ANN FOLWELL STANFORD
in Gwendolyn Brooks's "Negro Hero" and
"Gay Chaps at the Bar"
The early poems of Gwendolyn Brooks's A Street in Bronzeville are remarkable for many reasons, not the least of which is the powerfully resonant voice of those poems devoted to the experience of black soldiers in World War II. The dramatic monologue " Negro Hero" and a twelve-sonnet sequence " Gay Chaps at the Bar" are both written from the point of view and in the voices of soldiers in the midst of battle. These poems are especially interesting in their multi-voiced interrogation of racial politics in America. In these poems, Brooks reconstructs "The Enemy" not as foreigners holding howitzers, but as fellow Americans with white skin. " Negro Hero" and " Gay Chaps at the Bar" address in varying ways the tenuous and contradictory situation of black soldiers in a white man's army. However, they do so by making the direct link between war and racism, thus narrowing the gap between military (foreign) and racial (American) struggle, between soldiers and civilians.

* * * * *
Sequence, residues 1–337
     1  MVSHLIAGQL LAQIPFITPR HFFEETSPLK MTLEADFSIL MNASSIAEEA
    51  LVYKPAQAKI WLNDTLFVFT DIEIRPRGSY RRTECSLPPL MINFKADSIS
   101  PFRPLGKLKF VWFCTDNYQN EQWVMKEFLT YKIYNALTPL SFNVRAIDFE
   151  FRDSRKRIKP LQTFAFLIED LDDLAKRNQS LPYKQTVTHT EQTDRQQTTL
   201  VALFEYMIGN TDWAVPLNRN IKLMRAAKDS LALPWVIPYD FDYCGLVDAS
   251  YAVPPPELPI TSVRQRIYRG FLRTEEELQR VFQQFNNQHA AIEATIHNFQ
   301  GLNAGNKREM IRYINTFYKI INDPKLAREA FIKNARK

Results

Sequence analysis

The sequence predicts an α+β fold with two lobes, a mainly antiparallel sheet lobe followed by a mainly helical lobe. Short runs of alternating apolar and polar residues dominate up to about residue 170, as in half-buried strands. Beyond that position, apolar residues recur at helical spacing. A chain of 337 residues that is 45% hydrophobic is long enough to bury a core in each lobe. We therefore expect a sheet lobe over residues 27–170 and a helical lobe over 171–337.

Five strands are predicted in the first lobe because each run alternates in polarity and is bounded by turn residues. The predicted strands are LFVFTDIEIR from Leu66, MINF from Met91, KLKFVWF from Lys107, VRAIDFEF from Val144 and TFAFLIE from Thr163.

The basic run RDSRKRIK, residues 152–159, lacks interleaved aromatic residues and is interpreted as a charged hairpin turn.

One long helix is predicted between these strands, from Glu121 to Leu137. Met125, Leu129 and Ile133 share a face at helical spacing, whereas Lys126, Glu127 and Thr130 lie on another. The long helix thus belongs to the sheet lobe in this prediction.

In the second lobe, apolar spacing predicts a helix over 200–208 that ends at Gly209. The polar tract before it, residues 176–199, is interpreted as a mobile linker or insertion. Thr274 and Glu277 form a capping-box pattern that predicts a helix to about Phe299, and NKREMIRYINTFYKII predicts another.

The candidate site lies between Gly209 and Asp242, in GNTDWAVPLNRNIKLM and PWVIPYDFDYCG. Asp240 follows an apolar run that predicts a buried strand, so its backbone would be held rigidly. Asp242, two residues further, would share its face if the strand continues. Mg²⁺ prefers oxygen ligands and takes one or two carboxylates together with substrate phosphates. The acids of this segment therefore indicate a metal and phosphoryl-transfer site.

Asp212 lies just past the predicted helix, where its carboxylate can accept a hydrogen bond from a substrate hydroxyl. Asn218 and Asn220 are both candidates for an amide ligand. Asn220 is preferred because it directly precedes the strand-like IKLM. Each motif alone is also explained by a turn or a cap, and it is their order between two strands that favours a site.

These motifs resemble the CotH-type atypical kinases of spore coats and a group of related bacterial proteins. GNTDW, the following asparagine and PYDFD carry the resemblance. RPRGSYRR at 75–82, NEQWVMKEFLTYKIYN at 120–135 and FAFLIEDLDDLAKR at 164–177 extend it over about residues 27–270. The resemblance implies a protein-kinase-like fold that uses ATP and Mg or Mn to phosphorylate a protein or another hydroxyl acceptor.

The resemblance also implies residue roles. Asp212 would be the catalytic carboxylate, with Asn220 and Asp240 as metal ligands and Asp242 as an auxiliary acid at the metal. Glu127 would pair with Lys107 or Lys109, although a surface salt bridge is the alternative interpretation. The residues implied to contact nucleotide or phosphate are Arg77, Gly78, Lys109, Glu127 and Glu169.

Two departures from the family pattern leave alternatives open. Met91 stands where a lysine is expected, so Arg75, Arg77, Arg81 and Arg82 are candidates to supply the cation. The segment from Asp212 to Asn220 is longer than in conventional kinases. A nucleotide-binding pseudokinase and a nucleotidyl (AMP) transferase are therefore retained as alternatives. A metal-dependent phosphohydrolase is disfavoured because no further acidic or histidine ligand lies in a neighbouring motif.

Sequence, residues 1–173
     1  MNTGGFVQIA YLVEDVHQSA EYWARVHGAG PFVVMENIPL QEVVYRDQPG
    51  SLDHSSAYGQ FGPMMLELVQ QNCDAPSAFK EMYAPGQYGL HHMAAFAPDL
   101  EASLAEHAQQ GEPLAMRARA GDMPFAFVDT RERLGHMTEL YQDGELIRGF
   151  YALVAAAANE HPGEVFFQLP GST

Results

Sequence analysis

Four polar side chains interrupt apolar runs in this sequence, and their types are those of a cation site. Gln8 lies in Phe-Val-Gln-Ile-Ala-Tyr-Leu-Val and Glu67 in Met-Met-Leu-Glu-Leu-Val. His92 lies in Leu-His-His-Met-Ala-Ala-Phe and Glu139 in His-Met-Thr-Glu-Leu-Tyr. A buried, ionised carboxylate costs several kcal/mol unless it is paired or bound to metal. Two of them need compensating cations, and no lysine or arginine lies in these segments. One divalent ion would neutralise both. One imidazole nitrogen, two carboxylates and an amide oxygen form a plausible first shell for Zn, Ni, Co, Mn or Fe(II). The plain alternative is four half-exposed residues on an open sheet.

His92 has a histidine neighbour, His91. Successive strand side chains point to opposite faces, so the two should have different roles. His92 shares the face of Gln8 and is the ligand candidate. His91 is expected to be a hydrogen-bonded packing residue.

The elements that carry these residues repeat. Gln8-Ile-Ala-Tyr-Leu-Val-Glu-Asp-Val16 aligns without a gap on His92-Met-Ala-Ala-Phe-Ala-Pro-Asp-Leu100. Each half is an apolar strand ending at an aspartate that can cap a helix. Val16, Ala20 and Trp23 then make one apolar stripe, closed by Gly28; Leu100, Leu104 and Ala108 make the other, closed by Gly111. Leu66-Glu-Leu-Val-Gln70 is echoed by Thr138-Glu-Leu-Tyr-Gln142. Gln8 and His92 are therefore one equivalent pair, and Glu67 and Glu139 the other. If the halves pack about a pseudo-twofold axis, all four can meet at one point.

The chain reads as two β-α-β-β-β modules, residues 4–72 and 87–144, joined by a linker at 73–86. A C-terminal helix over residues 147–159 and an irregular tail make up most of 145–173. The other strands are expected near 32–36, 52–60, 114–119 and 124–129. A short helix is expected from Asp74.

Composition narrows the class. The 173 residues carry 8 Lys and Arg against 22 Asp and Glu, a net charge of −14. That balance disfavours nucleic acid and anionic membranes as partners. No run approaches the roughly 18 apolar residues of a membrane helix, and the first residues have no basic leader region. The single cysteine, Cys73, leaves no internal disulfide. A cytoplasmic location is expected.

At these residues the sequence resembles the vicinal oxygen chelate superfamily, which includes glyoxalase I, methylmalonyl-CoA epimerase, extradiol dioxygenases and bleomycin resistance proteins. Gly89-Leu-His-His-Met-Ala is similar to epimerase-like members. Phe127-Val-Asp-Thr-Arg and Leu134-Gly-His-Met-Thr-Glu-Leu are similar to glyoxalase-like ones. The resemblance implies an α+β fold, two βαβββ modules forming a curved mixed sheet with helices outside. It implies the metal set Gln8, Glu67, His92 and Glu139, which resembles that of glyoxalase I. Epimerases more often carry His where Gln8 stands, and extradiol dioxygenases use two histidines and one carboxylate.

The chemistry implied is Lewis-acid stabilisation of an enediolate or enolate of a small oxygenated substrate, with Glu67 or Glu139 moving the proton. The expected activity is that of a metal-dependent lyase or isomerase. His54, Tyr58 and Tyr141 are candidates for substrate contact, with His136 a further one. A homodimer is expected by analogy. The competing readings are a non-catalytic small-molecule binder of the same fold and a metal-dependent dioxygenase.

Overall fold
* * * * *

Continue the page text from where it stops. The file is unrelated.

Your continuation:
This is not a war poetry that elevates the courage or sacrifice of soldiers, or focuses on physical injury, or sentimentalizes love and looks back longingly on women and children at home—or even a poetry that protests war qua war. Brooks's war poems express a profound perplexity and a muted anger, neither denouncing war nor valorizing those who fight in it. War becomes the trope for the equally injurious institutionalized racism at home. In this poetry, Brooks displaces both the site and meaning of war, and in her____________________